They say you should set up a home office in the most light-filled, spacious, and comfortable corner in your place. But what if there is no such corner or you cannot do so for objective reasons? With the right decor choices, even the tiniest, darkest room tucked away in the back of your home can be transformed into a great home office.
Here are 9 proven interior design tricks to make a small, windowless room feel bigger and brighter.
1. Paint it in a light, airy colour
Pick a light palette of pastel colours for a home office to make it feel larger.
Dark colours absorb light and can make a room feel closed-in; bright colours, on the other hand, reflect light and make an area feel wider.
There is no need to stick with a sterile, hospital-like shade of white (it can actually make the room feel darker, in certain light). Mixing off pure white base tone with pastel or bright accents will do the trick.
Our favourite colours for a small windowless home office are powdery blues, soft grey, and blush pink. These tones can make a huge difference in how a room looks and feels.
2. Make the most of your vertical space
The best solution for storage-constrained home office spaces is to stop buying all sorts of baskets, boxes, and documents holders.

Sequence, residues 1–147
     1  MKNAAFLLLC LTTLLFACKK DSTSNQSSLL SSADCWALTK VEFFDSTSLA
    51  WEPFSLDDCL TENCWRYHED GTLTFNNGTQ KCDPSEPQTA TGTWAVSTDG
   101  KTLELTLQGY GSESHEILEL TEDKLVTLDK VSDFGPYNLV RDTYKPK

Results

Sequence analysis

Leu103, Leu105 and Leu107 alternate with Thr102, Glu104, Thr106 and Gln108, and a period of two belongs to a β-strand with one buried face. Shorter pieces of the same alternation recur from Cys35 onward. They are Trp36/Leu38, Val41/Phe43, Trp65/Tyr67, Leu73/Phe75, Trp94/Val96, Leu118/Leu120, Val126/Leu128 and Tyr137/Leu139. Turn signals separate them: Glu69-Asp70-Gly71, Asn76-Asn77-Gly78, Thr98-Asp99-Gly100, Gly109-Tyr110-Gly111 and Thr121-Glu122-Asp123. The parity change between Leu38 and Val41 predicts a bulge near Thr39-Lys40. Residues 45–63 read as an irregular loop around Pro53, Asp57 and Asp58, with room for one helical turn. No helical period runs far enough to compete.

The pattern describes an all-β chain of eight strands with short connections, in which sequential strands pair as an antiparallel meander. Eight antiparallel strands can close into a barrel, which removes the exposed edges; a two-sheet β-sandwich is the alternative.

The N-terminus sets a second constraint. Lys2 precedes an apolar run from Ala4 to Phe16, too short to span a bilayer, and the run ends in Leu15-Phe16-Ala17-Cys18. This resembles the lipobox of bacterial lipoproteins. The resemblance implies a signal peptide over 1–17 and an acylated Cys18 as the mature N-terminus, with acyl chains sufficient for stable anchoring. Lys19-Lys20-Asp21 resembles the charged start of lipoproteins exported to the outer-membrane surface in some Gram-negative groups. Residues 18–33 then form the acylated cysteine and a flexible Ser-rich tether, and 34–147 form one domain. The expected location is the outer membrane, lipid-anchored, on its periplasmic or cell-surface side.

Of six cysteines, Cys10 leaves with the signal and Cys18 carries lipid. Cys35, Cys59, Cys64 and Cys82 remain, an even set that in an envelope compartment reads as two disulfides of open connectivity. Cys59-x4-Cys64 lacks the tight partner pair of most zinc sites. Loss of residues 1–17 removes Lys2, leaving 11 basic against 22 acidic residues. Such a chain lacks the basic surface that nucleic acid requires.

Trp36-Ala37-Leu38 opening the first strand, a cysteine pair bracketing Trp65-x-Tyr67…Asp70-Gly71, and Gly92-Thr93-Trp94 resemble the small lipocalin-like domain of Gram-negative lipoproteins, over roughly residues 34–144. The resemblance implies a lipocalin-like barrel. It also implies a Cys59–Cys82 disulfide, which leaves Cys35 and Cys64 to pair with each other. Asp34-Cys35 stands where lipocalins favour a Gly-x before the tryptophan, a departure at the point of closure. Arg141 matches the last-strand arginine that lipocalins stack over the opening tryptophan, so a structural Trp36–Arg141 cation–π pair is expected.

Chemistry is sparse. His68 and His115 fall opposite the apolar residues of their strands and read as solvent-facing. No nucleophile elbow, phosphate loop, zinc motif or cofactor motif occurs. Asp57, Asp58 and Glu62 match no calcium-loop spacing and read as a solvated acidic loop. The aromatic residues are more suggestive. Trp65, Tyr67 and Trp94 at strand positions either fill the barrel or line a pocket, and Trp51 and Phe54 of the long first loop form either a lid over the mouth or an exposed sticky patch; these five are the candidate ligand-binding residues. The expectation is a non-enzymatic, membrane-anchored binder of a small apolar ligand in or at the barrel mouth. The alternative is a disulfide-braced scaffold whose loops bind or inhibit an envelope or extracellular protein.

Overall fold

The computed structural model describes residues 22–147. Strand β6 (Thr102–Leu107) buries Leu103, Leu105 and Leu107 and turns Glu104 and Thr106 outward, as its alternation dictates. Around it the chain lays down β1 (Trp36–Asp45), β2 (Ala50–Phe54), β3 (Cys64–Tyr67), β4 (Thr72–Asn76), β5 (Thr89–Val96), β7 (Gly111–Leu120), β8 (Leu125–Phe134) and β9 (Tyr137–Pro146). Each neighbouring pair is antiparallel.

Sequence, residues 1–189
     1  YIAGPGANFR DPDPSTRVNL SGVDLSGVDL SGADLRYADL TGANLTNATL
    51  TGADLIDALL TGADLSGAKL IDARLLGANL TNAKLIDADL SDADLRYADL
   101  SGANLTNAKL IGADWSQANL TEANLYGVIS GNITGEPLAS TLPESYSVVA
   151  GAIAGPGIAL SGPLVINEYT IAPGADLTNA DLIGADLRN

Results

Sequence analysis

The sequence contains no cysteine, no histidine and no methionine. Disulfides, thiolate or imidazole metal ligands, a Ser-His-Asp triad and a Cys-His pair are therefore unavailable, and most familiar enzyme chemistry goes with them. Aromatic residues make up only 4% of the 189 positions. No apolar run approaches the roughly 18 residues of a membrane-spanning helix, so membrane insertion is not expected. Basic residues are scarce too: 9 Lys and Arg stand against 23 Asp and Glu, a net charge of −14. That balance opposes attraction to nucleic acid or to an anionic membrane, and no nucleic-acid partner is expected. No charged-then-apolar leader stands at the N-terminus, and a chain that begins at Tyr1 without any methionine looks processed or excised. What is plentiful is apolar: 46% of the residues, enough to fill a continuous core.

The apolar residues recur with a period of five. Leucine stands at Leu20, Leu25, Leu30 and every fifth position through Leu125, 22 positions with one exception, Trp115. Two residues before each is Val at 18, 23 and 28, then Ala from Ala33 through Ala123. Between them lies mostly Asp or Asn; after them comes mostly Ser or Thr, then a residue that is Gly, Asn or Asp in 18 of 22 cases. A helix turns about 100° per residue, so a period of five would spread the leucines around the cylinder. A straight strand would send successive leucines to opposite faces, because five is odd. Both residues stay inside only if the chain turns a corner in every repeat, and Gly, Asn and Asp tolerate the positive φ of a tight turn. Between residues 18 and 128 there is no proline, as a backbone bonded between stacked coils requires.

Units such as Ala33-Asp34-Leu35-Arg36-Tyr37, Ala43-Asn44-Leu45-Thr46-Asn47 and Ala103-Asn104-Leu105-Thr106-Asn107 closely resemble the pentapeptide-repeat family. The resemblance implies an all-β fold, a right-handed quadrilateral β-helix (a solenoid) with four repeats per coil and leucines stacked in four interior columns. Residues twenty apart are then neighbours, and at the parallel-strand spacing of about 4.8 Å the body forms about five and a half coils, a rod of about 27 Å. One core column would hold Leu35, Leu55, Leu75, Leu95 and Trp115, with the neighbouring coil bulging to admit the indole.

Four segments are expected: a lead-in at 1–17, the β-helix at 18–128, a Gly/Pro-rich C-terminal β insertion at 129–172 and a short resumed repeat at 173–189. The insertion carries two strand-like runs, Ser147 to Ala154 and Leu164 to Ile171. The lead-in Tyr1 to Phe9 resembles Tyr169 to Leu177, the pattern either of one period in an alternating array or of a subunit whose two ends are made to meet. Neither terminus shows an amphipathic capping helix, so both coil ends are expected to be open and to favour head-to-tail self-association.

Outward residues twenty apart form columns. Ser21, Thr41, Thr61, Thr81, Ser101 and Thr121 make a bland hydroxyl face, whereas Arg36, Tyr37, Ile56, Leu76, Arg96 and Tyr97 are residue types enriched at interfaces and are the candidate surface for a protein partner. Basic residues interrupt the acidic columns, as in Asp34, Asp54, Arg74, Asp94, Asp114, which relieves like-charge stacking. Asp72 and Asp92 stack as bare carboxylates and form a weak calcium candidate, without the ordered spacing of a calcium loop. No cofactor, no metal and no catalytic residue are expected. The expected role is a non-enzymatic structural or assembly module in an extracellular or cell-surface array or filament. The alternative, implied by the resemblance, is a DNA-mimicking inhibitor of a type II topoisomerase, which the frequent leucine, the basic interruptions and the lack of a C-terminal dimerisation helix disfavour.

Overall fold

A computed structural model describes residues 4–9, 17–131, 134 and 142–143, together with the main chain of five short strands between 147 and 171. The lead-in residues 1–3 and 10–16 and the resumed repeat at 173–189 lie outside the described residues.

Invest in vertical shelving units or cabinets instead, it will pay off straight away.
In most cases, horizontal storage systems don’t work for small and dark home offices, as they visually clog the space that’s already limited by default.
3. Light the room sensibly
Captain Obvious says that compensating the shortfall of natural light with artificial one will make a room seem brighter.
However, what actually matters here is what kind of lighting you use and how you use it.
Don’t use a single light fixture in the centre of the room. This casts a pool of light in the middle of the floor, making the room appear dark, small, and dull.
Rather than turning on the overhead fluorescent light, create a warm soothing luminescence with desk lamps. You can also consider adding hidden light sources—tuck lamp shades behind furniture, on shelves, and in more obscure spots to provide more light.
Lighting up corners or lining the space between the ceiling and wall with string lights also makes a room seem larger and brighter.
4. Furnish a windowless home office wisely
Don’t use a lot of furniture. Small dark rooms look even smaller and darker when filled with many items, so this is the time to go minimalist with your design.
Instead of using a lot of little things, pick a few larger ones that will accent the room.
Raise the legs of your furniture with some soft, plastic or metal levellers. Even chunky items lifted off the floor let the light come through, creating a sense of airy space.
Floating shelving works pretty much the same way. You can mount a few floating shelves to the wall and store valuables there instead of clogging your space with lots of clunky items.
5. Add some greenery
It’s a no-brainer that plants can brighten and open up a room. Moreover, they have a proven record of helping fellow makers feel more motivated and satisfied at work.